Scotland's Best B&Bs
While Perthshire has a wide variety and choice of historic attractions – castles, monuments and buildings, we’ve chosen some of the less well-known to give you a taster of what is on offer. From a tree of international renown to a simple medieval church tucked away from the public highway, from dwellings on water to cages to protect the dead – just a few of the historical sites for you to discover when you visit this beautiful part of Scotland.
There has been a church standing on the north bank of the River Tay in the village of Dunkeld since the sixth or early seventh century when the first Celtic monks set up their base in Alba. Once the religious centre of Scotland, the present Cathedral shows both Gothic and Norman influence having being completed over a period of nearly 250 years between 1260 and 1501. The Cathedral has twice suffered damage during Scotland's turbulent history – once in the Reformation and again in the Jacobite rebellion. Today the Cathedral is a beautiful, tranquil place of worship and houses a permanent local history exhibition telling the history of the town and the redevelopment of the reformed church.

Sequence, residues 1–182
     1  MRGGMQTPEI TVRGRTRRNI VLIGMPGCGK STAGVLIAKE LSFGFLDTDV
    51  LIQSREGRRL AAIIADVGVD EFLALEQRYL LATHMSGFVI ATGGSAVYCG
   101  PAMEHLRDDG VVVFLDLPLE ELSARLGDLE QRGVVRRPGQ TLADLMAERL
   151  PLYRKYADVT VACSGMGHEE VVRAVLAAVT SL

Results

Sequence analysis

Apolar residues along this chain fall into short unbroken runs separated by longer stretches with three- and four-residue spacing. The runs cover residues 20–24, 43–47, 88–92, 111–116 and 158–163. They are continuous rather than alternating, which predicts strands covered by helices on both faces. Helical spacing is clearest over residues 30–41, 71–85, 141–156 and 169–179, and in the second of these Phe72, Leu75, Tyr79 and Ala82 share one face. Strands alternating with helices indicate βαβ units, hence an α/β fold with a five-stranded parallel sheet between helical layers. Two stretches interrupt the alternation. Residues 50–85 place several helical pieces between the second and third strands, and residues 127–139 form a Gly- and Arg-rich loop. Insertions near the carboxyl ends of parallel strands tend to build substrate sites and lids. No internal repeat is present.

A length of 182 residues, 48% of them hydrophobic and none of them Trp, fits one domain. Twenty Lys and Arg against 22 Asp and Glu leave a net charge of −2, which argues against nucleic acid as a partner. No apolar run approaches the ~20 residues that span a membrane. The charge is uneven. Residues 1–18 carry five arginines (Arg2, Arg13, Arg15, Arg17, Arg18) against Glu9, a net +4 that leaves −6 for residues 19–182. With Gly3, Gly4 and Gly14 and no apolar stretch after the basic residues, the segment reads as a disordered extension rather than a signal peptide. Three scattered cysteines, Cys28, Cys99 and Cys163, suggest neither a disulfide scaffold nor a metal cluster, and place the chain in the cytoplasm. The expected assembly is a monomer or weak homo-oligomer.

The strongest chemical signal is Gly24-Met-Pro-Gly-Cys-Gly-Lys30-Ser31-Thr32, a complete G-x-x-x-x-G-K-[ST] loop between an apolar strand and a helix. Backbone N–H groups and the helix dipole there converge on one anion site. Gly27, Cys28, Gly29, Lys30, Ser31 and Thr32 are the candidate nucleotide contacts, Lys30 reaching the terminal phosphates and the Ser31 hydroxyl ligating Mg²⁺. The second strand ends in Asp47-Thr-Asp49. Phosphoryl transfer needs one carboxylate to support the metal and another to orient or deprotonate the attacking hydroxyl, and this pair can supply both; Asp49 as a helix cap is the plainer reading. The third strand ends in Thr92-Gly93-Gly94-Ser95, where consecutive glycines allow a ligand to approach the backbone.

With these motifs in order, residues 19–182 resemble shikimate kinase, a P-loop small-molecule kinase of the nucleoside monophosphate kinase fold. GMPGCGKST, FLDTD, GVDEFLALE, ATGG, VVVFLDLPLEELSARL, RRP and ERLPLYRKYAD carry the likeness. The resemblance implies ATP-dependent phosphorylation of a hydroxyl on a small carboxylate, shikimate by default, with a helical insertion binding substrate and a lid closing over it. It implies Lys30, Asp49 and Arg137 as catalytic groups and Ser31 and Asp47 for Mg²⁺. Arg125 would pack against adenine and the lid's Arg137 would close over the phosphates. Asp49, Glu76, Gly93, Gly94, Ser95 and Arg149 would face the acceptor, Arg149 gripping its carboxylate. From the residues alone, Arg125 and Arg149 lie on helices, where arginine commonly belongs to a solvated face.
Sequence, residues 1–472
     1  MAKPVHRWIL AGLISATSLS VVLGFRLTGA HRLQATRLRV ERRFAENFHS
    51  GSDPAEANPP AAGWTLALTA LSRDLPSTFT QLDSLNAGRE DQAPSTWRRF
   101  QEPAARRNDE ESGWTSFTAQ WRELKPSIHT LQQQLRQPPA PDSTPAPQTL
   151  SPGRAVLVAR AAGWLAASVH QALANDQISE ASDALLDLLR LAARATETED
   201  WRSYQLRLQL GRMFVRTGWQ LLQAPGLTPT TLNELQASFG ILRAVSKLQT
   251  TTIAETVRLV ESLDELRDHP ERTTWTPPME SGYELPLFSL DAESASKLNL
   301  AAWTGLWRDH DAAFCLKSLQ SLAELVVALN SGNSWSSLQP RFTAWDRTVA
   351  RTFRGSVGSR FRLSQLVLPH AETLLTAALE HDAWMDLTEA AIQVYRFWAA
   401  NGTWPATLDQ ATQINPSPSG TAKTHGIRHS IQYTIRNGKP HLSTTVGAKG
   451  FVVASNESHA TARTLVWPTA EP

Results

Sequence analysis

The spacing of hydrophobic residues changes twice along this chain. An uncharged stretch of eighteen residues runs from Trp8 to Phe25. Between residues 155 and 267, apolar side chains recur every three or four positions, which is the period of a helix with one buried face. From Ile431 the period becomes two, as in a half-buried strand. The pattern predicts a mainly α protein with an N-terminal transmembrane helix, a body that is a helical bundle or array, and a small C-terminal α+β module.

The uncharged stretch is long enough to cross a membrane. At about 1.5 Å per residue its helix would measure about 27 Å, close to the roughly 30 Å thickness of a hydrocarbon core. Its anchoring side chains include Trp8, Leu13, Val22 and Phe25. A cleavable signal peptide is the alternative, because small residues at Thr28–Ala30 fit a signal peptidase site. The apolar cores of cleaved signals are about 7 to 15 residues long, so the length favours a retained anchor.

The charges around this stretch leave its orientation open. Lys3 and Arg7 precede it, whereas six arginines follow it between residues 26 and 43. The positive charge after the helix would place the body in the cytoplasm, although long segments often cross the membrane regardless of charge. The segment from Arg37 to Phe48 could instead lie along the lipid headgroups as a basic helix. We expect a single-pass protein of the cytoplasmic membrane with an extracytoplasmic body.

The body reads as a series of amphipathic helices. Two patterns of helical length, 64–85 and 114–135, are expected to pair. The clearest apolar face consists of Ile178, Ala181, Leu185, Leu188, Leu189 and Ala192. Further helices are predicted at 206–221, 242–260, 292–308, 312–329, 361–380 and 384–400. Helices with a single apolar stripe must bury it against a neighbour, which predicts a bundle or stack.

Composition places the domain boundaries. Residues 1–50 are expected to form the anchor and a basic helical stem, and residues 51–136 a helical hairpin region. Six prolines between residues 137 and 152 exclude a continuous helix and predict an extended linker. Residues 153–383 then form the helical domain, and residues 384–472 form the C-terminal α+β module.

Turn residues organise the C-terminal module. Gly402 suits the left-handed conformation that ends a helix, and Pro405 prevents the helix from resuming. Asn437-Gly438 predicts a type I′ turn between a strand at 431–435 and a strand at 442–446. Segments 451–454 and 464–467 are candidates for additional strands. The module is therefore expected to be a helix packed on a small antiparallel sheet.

Built on Loch Tay at Kenmore, the replica of an Iron Age loch dwelling ('crannog') was sadly destroyed by fire in summer 2021. The Museum and Iron Age village are still open showing how our ancestors lived nearly 2,500 years ago. Special events are a regular feature including craft workshops and storytelling.
Fortingall is a beautiful village close to Aberfeldy, a little north of the River Lyon. Famous for the Fortingall Yew, believed to be 5,000 years old and possibly the oldest living thing on earth, the village is also reputed to be the birth place of Pontius Pilate. All but wiped out by the Black Death in the Middle Ages, the AsCarn na Marbh or "Cairn of the Dead" standing stone is believed to mark the villagers grave. In the 19th century, Sir Donald Currie, a Glasgow shipping merchant, purchased the Glenlyon Estate and engaged Art and Craft architects to rebuild the village and that is what you see today. Cottages with their white painted exteriors and beautiful reed-thatched roofs, the traditional Fortingall Hotel with hints of the traditional design of Scottish tower houses and castles of the past, Molteno Village Hall and the post reformation Fortingall Church all contribute to the unique character that makes Fortingall so special.